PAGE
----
Review: Skinshaper by Mark Gelineau and Joe King



Skinshaper

An Echo of the Ascended – Ferran Book Two

by Mark Gelineau and Joe King

Fantasy | Novella | 102 Pages | Published by Gelineau and King in 2016


| Rating |


This book was received from Netgalley in return for an honest review

Rend the Dark was an impressive venture into the darker and more disturbing aspects of Aedaron, a multi-faceted world which has been compiled through varying genre perspectives in the Echoes of the Ascended series. With its sequel, Skinshaper, we are once again transported into the darkest reaches of this world where a veritable army of abominations lie in wait to repulse, disturb and delight fans of this darkly epic – and short – work.

Mark Gelineau and Joe King have, once again, hit the mark with this brutally fantastic tale which doesn’t shy away from taking its protagonists to hell and back, resulting in what has become my favourite Echo to date. Epic in its telling, horrifying in its creations, and bloody brilliant in its execution, Skinshaper sets the bar in this latest thrill ride from these masters of the fantasy novella.Barricades broken.

A mining town empty.

One survivor swings in a cage, waiting to die.

Ferran’s tattoos burn as horrors near. They should run. They should seek help. But to save a few, they must journey deeper into the heart of the nightmare to face an ancient foe.

Following the death of his friend Hillion, and the terrifying events of Rend the Dark, Riffolk finds himself travelling in the company Ferran and Mireia, two Acolytes of Talen. As they wander from town to town, Riffolk’s eyes become opened to the dark and nightmarish creatures which pervade Aedaron. The Ruins, twisted abominations who seek the destruction of all that is good and pure, have once again taken hold in the land.

When Mireia’s powers draw them to a seemingly abandoned mining town, an encounter with a single survivor leads their small company down a dark path into the heart of the mine. But the vile horrors which await them in the shadows are going to be anything but easy to vanquish, not for a man wracked by his own cowardice and guilt, not even for those with the strength of Talen on their side.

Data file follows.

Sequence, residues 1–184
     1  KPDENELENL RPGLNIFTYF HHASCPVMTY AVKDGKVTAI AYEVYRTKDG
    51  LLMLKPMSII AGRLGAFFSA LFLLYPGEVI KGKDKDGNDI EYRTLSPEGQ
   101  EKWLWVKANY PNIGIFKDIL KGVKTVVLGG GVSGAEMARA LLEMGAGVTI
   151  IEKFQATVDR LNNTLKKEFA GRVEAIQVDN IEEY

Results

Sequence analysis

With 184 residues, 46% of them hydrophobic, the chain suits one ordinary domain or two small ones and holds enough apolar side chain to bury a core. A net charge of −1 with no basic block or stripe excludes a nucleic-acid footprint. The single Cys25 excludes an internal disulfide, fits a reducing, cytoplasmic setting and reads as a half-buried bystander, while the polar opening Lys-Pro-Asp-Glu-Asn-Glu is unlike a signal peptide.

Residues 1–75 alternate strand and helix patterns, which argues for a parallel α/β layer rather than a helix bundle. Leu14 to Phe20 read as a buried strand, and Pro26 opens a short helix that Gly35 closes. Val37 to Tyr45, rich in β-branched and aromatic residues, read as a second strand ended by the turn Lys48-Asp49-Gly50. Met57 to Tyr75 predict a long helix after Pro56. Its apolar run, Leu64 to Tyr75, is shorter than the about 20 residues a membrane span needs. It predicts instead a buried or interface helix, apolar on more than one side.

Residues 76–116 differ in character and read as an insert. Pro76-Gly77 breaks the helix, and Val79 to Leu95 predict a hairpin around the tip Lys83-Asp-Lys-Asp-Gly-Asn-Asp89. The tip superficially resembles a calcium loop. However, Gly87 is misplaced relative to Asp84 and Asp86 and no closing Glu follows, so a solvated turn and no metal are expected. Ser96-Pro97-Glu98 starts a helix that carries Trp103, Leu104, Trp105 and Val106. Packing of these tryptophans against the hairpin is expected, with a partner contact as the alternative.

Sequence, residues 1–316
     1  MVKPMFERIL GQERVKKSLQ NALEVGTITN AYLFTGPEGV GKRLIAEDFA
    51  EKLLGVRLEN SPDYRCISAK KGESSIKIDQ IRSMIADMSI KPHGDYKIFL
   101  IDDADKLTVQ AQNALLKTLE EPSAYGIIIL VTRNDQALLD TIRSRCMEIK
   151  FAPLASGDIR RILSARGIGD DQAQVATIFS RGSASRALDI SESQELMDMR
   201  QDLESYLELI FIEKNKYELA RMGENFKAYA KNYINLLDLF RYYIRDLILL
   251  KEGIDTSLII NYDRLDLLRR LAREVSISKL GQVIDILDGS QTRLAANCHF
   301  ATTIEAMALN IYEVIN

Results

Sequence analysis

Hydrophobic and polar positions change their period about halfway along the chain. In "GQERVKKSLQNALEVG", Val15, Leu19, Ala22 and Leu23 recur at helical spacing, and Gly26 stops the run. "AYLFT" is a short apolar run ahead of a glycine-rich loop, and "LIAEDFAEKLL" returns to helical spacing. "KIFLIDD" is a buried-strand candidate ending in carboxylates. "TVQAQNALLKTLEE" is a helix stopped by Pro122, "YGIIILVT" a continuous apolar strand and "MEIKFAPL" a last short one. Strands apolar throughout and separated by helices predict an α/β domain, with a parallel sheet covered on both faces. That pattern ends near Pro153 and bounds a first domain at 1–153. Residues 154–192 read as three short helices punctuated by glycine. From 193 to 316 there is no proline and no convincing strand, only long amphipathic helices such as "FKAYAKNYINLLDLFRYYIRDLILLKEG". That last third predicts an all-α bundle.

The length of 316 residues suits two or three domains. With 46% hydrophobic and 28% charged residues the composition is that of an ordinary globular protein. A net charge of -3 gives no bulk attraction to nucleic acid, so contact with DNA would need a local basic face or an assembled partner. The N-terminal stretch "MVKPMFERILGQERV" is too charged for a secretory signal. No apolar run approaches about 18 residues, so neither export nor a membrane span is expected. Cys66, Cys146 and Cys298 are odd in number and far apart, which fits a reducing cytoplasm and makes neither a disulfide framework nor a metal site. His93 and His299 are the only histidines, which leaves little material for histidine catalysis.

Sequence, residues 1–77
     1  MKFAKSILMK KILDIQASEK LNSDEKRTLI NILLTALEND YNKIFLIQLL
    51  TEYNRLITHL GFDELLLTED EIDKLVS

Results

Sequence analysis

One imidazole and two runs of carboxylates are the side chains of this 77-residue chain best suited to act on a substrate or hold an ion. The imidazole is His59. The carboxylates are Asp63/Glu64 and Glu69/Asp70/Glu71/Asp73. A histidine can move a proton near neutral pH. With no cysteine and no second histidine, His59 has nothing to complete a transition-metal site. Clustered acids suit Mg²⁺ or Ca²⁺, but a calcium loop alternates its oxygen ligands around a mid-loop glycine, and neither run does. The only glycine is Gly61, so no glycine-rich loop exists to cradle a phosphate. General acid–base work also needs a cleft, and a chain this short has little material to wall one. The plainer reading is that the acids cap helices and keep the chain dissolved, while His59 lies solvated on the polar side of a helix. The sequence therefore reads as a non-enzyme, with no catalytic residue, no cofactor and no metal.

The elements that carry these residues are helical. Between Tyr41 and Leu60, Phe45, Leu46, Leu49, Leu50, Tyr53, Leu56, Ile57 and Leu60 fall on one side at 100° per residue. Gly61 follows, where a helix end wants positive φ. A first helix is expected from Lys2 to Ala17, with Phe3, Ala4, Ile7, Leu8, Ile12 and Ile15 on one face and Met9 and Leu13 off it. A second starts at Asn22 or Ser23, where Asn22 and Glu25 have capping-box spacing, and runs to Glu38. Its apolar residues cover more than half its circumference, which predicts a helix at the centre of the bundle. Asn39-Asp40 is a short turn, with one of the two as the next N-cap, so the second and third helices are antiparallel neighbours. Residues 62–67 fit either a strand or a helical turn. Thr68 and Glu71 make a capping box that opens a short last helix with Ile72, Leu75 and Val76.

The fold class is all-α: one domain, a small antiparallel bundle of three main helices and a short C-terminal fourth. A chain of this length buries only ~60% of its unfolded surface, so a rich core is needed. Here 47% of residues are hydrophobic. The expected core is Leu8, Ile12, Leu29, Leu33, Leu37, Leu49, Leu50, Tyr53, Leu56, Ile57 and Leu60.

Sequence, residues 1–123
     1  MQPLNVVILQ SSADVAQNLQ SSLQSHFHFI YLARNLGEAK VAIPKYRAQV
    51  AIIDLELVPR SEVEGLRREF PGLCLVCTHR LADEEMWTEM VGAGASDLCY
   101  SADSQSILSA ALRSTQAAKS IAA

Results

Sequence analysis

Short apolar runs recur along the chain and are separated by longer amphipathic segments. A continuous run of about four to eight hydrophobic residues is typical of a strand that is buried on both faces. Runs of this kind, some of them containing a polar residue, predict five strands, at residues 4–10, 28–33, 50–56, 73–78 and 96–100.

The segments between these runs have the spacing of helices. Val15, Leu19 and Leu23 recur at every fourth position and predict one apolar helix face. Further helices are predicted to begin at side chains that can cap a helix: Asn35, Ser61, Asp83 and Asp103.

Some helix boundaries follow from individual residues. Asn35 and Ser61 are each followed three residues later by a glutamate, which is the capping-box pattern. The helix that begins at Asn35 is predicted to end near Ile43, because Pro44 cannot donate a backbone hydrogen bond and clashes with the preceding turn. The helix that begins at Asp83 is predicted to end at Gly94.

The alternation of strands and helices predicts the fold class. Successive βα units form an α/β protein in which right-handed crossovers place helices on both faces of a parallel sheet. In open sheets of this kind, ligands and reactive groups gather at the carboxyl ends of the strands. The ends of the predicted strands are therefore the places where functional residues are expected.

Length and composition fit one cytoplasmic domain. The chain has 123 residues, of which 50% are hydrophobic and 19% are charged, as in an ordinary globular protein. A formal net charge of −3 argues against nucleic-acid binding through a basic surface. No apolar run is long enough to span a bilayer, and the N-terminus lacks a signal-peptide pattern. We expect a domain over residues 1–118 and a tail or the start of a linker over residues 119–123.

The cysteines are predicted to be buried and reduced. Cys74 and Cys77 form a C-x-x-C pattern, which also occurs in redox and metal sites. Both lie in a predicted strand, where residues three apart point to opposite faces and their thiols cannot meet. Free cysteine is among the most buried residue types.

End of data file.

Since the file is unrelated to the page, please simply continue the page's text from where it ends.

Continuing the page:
From the world at large to the confines of the mine, Gelineau and King have carved out a cold and brutal world where humanity is neither the province of monsters nor of men. Where Elenor’s storyline depicts the wheels of justice in motion, Alys’ the divisions of class, and Roan and Kay’s the legacy of honour; Ferran’s storyline highlights all that is dark and terrible in Aedaron. Through horrifying descriptions and brutal action, Skinshaper is a short, sharp shock to the senses.

In a narrative which highlights the brutality and inhumanity of the Ruins, their wilfully destructive and grotesque natures are used to convey their absolute evil. This world of horrors, where the creation of abominations maximises both physical and emotional pain, once again reveals the darkest side of Aedaron and the inherent danger all our protagonists face. The Order of Talen, though a beacon of strength in these dark places, as yet seems small and incomparable to the sheer strength and determination of the Ruins, lending this novella a distinctly unpredictable feel.

The continuation of Ferran’s storyline however, if anything, brings us closer to Riffolk. He is our laymen and anchor point to this sub-series of novellas, asking the questions which allow us to comprehend the world and allow Ferran and Mireia, along with the Order of Talen, to retain an element of mystery. However, Ferran remains almost a closed book throughout Skinshaper, his enigmatic nature maintaining a level of intrigue which speaks of future revelations, whilst Mireia’s character is elaborated upon for an explosive conclusion which leaves the reader in great suspense.

Skinshaper is a small, self-contained adventure which has been brought to life by its detailed but terrifying world, interesting and complex characters, and a thoroughly gripping storyline. This novella, like its predecessors, succeeds in deceiving the reader by its length and, as always, is delivered with beautiful but concise prose. With eight Echoes under their belt, Gelineau and King have proven that their fast-paced and compulsive format is anything but tired, and have delivered an impressive round of sequels which have hit the mark every time. 

With this fast-paced read, one which grips the imagination and disturbs with its terrifying creations, Gelineau and King have captured the spirit of its predecessor whilst elaborating upon it in spectacular fashion. Skinshaper is a powerful, if somewhat horrifying, addition to the Echoes of the Ascended series which I wouldn’t hesitate to recommend. 

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4 thoughts on “Review: Skinshaper by Mark Gelineau and Joe King

  1. Sounds like great writing – but the world is just too cruel and bleak for my taste. A really detailed and well crafted review, which gave me a crucial insight into the book. Just what a good review should do!

    Liked by 1 person

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